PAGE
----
The word repo is short for repurchase. In a repo, one party sells another a security while promising to buy it back at a later date, often the very next day. The repurchase price is a bit higher than the initial sale, creating a positive return for the cash provider. Although technically structured as sales and repurchases, essentially what’s going on here is the creation of short-term loans collateralized with Treasuries, mortgage-backed securities, and agency debt. The higher repurchase price is equivalent to earning interest on the loan.

    Big Wall Street banks borrow cash to finance their trading activity, for themselves and for clients, by selling securities and promising to buy them back the following day. The cash comes from investors with lots of dollars looking to make a little extra interest, such as money-market funds and government-sponsored housing agencies such as Fannie Mae, Freddie Mac, and the Federal Home Loan banks. Typically, the interest rate on repos falls within the Fed’s target range for the fed funds rate, the rate banks pay to borrow reserves from each other.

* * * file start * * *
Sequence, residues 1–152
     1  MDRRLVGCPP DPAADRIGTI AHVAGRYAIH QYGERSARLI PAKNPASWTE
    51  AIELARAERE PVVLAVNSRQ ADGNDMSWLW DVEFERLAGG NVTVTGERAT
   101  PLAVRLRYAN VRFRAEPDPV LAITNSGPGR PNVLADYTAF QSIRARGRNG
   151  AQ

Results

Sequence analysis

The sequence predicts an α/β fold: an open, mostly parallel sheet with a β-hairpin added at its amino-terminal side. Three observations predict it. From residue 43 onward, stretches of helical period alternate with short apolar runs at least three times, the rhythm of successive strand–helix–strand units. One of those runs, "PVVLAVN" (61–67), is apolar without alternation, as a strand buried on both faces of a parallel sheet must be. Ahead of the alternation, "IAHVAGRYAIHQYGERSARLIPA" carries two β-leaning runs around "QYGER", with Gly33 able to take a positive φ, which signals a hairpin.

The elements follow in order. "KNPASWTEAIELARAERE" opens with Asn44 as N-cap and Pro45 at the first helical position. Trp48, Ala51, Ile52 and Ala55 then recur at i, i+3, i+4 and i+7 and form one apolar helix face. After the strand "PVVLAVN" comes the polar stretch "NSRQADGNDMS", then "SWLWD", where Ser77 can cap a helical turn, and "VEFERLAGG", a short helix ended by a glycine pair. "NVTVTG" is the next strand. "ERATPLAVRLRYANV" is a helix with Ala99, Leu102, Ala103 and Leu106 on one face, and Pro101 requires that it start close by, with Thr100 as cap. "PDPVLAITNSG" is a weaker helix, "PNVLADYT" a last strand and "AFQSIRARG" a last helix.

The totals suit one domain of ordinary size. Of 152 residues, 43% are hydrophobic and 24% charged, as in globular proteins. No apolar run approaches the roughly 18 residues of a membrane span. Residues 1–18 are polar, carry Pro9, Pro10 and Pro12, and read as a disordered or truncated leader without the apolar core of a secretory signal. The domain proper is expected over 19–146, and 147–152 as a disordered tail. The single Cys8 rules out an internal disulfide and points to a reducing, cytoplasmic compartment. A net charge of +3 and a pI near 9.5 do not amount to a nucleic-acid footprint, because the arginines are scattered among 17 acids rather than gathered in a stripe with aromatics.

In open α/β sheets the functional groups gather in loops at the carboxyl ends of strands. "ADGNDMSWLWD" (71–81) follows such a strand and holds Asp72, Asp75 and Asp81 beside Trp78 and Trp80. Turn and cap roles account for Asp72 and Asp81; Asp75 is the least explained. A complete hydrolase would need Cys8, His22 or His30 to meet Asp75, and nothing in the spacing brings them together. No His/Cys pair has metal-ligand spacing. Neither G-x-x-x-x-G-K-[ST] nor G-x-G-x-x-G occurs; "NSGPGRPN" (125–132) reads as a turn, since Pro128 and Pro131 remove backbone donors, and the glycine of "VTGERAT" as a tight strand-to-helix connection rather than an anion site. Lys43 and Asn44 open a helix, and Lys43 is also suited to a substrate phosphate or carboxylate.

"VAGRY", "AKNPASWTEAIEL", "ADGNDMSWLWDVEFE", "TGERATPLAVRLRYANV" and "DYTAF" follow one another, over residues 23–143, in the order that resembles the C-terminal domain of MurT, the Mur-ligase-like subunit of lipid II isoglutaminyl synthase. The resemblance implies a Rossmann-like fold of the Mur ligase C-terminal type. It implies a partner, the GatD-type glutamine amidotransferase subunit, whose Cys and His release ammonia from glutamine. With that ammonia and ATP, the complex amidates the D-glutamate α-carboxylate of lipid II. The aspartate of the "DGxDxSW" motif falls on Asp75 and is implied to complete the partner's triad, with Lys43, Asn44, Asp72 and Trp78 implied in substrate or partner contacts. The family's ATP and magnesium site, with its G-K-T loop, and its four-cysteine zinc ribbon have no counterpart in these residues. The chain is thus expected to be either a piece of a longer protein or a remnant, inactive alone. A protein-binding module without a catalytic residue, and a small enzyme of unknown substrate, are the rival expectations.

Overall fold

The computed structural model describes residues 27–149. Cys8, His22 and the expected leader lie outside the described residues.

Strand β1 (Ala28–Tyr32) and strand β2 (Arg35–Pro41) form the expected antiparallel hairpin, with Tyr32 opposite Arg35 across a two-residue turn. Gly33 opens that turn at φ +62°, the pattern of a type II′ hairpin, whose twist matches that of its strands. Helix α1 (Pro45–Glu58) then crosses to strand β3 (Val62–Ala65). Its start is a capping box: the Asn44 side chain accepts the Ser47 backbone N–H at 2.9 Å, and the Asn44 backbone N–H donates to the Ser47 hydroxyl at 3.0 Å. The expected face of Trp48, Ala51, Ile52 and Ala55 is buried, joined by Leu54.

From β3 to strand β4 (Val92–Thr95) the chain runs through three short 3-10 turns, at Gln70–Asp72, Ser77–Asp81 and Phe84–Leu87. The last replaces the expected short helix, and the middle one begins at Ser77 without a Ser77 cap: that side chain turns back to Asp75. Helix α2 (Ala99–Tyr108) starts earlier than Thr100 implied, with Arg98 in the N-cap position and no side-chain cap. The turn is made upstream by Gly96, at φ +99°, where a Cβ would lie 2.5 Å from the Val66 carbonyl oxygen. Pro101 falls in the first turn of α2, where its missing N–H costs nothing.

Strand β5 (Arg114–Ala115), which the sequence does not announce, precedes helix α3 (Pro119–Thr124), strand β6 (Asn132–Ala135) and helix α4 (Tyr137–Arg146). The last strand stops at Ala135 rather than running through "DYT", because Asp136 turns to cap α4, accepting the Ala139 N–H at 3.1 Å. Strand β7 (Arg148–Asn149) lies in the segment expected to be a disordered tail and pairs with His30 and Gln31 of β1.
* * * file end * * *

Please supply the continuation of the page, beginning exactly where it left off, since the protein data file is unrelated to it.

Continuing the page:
Here’s how it works. Each morning, traders at the big Wall Street firms put in bids to borrow cash and cash investors accept bids. The bids are promises to pay an interest rate and a pledge to post securities as collateral. Later the day, the securities get allocated to the cash investors. The following day, the repos get unwound in the morning. The cash investors get their cash back and the Wall Street banks get their securities back. Then it starts all over again.